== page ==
Successful collaboration plants seeds for sustainability
Sustainability, the ability to meet the needs of the present without compromising the ability of future generations to meet their own needs, has two promoters on campus.
The Department of Environment and Sustainability and BGSU’s Office of Campus Sustainability work together to support environmental and sustainability issues and projects across campus and in the local community. Examples of the close collaboration between the two units run from the simple, sharing a membership in the Association for the Advancement of Sustainability in Higher Education, to the complex such as organizing Earth Day. This close collaboration has made it possible to transform Earth Day from a single April day celebration to Earth Week and now a monthlong movement that is focused on channeling human energy toward environmental issues. Forty-six years after the first Earth Day, BGSU celebrates the cause and plays a significant role in educating the next generation to be inspired, challenged, and motivated to make all human life on Earth sustainable.
The Department of Environment and Sustainability, in the College of Arts and Sciences, is the academic arm of the environmental movement on BGSU’s campus, preparing students to make meaningful contributions to the world's environment. Students can major in either environmental policy and analysis or environmental science within the department.
Students majoring in environmental policy and analysis focus on the social sciences: geography, economics and political science. They often find work that involves the use of laws and regulations to change patterns of resource use, protect wilderness, restore land and preserve unique areas and endangered species. Employment opportunities include environmental organizations, planners, park rangers, sustainability positions at large corporations, cities or universities, naturalists and recreation leaders, or they often go on for advanced degrees.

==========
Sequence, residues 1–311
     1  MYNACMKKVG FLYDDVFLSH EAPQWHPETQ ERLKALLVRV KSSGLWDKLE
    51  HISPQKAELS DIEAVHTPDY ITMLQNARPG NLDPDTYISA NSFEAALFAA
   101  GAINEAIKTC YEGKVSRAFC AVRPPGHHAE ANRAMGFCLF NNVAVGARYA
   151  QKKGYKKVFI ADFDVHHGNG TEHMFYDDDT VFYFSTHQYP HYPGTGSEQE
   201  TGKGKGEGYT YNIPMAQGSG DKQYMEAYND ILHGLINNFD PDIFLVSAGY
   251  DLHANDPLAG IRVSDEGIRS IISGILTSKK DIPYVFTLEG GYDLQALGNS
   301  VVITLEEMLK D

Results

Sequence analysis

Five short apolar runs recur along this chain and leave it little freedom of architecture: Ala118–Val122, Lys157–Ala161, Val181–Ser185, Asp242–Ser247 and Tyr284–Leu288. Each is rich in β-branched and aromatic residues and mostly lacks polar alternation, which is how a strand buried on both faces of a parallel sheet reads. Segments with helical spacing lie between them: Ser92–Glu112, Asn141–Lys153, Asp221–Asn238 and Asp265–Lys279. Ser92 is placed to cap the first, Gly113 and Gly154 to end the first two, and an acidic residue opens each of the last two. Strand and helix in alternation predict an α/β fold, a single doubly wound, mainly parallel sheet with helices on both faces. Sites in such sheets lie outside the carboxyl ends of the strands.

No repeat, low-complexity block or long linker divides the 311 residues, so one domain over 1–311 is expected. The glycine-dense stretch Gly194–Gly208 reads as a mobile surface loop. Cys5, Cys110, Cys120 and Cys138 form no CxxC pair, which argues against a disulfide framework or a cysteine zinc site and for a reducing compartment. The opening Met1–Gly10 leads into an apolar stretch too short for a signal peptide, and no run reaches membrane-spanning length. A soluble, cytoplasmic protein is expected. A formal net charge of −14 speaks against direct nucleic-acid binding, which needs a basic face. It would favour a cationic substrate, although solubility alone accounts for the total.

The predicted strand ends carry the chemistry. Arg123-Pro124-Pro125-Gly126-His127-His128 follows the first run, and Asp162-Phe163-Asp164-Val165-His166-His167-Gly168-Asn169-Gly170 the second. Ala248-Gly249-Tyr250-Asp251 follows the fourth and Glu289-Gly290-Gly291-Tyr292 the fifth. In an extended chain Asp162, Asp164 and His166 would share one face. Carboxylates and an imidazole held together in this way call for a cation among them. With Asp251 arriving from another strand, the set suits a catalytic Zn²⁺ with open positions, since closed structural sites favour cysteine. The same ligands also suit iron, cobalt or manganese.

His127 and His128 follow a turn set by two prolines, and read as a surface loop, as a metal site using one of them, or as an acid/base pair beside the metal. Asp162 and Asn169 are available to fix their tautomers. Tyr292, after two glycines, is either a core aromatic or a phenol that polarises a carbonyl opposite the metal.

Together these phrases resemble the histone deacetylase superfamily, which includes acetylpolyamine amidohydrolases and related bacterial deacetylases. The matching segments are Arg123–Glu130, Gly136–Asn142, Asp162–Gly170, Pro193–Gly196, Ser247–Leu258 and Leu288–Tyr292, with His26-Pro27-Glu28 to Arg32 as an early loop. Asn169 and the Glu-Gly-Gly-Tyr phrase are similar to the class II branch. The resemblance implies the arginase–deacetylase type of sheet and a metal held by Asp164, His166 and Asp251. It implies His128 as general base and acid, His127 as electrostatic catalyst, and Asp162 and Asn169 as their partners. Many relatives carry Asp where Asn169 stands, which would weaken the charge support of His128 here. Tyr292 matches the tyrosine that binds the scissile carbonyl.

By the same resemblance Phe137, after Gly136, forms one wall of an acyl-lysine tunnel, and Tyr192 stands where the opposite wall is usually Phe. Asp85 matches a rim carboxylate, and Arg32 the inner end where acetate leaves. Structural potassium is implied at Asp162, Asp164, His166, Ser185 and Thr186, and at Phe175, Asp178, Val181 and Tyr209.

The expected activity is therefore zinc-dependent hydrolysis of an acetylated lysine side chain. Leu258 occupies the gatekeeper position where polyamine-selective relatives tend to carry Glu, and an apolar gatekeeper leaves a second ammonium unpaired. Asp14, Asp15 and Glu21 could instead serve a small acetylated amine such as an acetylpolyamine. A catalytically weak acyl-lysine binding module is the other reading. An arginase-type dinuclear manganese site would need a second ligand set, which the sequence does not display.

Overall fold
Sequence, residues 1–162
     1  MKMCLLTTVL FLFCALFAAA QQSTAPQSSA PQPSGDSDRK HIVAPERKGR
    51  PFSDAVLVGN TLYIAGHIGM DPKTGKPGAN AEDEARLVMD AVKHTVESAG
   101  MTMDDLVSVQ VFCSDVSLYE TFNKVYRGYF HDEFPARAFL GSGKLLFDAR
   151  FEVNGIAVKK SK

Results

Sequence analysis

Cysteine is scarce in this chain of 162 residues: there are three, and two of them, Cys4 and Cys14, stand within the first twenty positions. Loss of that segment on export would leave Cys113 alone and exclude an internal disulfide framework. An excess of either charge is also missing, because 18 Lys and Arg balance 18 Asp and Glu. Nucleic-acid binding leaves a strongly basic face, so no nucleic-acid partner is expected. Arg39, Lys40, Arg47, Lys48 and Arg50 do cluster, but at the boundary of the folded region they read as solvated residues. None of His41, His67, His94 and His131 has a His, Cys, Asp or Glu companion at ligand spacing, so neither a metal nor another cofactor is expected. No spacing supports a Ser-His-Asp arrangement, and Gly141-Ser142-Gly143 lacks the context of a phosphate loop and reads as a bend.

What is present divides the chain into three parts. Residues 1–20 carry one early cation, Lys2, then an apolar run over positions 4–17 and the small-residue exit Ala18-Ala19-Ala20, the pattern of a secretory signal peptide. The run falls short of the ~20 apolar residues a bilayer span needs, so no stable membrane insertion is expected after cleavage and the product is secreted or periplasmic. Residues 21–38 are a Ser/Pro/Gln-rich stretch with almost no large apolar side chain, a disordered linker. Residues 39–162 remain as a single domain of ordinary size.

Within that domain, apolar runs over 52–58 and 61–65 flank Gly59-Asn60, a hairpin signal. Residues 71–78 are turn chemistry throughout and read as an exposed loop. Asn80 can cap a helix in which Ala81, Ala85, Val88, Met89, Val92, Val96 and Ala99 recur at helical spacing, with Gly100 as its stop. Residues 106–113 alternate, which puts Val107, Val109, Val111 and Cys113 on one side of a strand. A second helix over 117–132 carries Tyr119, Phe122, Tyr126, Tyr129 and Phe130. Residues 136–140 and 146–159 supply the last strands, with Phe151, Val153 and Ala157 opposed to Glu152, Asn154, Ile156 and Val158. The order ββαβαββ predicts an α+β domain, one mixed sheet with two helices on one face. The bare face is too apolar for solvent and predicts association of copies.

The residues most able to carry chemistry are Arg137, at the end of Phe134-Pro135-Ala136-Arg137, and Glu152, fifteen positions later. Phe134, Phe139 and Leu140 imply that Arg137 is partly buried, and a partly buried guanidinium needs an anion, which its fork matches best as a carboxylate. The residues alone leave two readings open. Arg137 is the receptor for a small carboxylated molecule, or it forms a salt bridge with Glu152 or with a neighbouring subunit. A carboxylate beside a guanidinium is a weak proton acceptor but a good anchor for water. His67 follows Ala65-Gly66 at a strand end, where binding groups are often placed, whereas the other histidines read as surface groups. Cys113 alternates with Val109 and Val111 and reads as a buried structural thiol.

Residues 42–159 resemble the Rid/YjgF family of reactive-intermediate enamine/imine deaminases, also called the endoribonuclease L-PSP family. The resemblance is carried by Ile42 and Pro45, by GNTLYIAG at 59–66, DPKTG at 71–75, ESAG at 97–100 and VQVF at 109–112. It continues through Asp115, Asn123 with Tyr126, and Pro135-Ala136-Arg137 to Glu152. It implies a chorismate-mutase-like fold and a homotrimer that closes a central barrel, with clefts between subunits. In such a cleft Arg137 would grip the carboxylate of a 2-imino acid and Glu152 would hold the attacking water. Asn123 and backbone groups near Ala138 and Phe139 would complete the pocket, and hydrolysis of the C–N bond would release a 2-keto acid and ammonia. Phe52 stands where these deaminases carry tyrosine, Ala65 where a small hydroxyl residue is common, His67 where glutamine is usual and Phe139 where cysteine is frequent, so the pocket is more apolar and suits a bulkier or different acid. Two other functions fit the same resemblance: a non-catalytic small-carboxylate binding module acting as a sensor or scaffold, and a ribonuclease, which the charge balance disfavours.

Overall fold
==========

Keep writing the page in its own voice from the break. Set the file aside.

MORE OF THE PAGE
Environmental science majors study the natural sciences: biology, geology and chemistry. Students learn how to investigate, document and solve environmental problems. They look at issues such as land use, resource depletion, land restoration and water pollution. Students who graduate from this program find jobs in government agencies such as the Ohio Environmental Protection Agency, the Ohio Department of Natural Resources, soil and water districts and environmental consulting firms.
The BGSU’s Office of Campus Sustainability is the operations arm of the environmental movement on campus as is part of Campus Operations. It has a similar interest in environmental and sustainability issues, especially within the university environment. The office plays a significant role in helping to spread the word about sustainability, striving to make BGSU a sustainable institution. The two units on campus work in tandem to provide an abundance and variety of academic and non-academic programs.
According to Dr. Enrique Gomezdelcampo, chair of the Department of Environment and Sustainability, the partnership between the academic department and the operations' Office of Campus Sustainability creates a family of resources for students interested in the environment and sustainability.
Dr. Nicholas Hennessy, sustainability coordinator and head of BGSU's Office of Campus Sustainability, works closely with the faculty and staff in the Department of Environment and Sustainability, Gomezdelcampo said. Hennessy often teaches for the academic department and always has projects for student capstone projects. Through capstone projects, students and faculty have helped him determine the sustainability potential of different ideas such as small scale rooftop solar panels; LED lighting for the Reed Street Warehouse to save electricity as well as emissions, and a carpet recycling program to cut down on solid waste.
“There is a seamless connection between the two units,” Hennessy said. His office can offer internships for students, allowing students to get academic credits and/or pay as a student employee. “I recruit through the department, looking for students who have a strong interest in sustainability.”
Programs such as Friday Night Lights have become a weekly activity for majors and non-majors, who are interested in environmental and sustainability issues. Since 2010, teams of students meet every Friday night to turn off lights in academic buildings across campus, saving energy and money for the university.
Earth month events happening this week include activities such as a guest lecture Monday on the environmental accords in Paris by Dr. Henry Pollack, a member of the Intergovernmental Panel on Climate Change which was awarded the 2007 Nobel Peace Prize; the screening of the film “Billions in Change” on Tuesday including a panel discussion after the film; the BGSU Eco-Fair on Wednesday in the Union Oval; a critical-mass-bike-ride on Thursday; and Earth Fest, a music concert on Friday. For a complete list and times of Earth Month activities at BGSU, which are free and open to the public, visit bgsu.edu/campus-sustainability/earth-month.